- Illinois: In People v. Cummings, 176 Ill.App.3d 293, 125 Ill.Dec. 514, 517, 530 N.E.2d 672, 675 (1988), the Illinois Court of Appeals also rejected a reading of “actual physical control” which would have prohibited intoxicated persons from entering their vehicles to “sleep it off.” The court said, “We can expect that most people realize, as they leave a tavern or party intoxicated, that they face serious sanctions if they drive. While the preferred response would be for such people either to find alternate means of getting home or to remain at the tavern or party without getting behind the wheel until sober, this is not always done. And while we can say that such people should have stayed sober or planned better, that does not realistically resolve this all-too-frequent predicament. For the intoxicated person caught between using his vehicle for shelter until he is sober or using it to drive home … encourages him to attempt to quickly drive home, rather than to sleep it off in the car, where he will be a beacon to police. We believe it would be preferable, and in line with legislative intent and social policy, to read more flexibility… In those rare instances where the facts show that a defendant was furthering the goal of safer highways by voluntarily ‘sleeping it off’ in his vehicle, and that he had no intent of moving the vehicle, trial courts should be allowed to find that the defendant was not ‘in actual physical control’ of the vehicle….” Id., 176 Ill.App.3d 293, 125 Ill.Dec. at 517, 530 N.E.2d at 675.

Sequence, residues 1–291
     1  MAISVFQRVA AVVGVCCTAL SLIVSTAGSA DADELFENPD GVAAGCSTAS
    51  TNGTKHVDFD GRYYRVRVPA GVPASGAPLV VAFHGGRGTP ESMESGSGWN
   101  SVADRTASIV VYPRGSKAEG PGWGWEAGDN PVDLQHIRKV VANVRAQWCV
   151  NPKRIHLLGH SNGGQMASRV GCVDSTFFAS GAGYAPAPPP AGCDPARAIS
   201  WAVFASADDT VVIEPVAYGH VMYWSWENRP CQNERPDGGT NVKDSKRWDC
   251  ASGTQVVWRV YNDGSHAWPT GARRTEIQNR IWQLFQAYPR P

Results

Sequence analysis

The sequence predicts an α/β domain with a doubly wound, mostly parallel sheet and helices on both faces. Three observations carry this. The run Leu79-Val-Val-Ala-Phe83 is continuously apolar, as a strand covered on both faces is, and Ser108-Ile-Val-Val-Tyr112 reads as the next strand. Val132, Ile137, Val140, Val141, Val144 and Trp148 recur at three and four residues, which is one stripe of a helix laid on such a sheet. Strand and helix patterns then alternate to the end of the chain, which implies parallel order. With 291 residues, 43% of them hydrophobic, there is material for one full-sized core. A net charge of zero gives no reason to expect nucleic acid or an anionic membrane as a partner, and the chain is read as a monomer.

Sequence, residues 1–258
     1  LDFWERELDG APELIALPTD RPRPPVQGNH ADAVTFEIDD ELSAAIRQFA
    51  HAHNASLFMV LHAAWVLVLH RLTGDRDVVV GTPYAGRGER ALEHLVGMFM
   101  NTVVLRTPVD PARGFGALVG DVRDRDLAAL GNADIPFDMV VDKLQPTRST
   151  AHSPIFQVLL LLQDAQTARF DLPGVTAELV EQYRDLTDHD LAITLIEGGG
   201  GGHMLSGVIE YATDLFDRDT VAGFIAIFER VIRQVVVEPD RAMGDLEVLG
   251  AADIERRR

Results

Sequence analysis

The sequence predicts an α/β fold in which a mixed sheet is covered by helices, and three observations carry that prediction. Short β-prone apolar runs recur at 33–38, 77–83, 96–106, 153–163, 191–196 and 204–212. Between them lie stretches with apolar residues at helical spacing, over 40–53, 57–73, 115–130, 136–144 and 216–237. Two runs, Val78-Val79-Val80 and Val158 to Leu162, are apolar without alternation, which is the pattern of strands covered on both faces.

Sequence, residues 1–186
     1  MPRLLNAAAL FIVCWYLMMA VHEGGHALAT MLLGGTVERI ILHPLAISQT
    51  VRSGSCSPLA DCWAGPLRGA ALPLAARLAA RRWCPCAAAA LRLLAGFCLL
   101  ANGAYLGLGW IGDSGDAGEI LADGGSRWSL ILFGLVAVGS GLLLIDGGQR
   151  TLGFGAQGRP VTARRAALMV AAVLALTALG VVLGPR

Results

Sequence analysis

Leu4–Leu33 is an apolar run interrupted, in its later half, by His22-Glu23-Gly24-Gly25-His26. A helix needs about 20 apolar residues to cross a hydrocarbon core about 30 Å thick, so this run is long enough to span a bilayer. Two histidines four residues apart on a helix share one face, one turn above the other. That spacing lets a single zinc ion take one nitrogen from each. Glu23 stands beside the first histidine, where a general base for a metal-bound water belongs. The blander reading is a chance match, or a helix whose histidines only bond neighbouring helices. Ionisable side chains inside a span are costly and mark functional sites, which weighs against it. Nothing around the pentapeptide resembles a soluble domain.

- Maryland: In 1993, the Maryland appellate court took a close look at the issue of operation, and wrote a very detailed analysis of not only Maryland law but discussed how other states have dealt with the issue. The facts of the case consisted of a deputy approaching a vehicle and observing the occupant to be slumped over in the driver’s seat with the keys in the ignition and engine off. The Court ultimately ruled that reasonable doubt existed as to whether the defendant had “actual physical control” of automobile. Atkinson v. State, 331 Md. 199 (1993).
- Massachusetts: The appellate courts have discussed what constitutes “driving” or “operation.” A 2011 case analyzed a fact pattern with a sleeping driver slumped over the wheel, with the engine not running, but with power running to the engine. The Court held that the act of turning the ignition key is sufficient to permit a trial jury to conclude that a defendant “operated” a motor vehicle. Commonwealth v. McGillivary, 78 Mass. App. Ct. 644 (2011). The Court cited a much older case from 1928 which held that, “A person operates a motor vehicle … when … he intentionally does any act or makes use of any mechanical or electrical agency which alone or in sequence will set in motion the motive power of that vehicle. The words of the statute ‘Whoever upon any way operates a motor vehicle’ include the setting in motion of the operative machinery of the vehicle as well as the driving of the vehicle under the power of the motor machinery.” Commonwealth v. Uski, 263 Mass. 22 , 24 (1928), emphasis added. This of course would be problematic in the case of any modern vehicle because the definition is very broad, and the act of even summoning or programming a destination into a self-driving or driverless vehicle could be considered sequencing or setting “in motion the motive power of that vehicle.”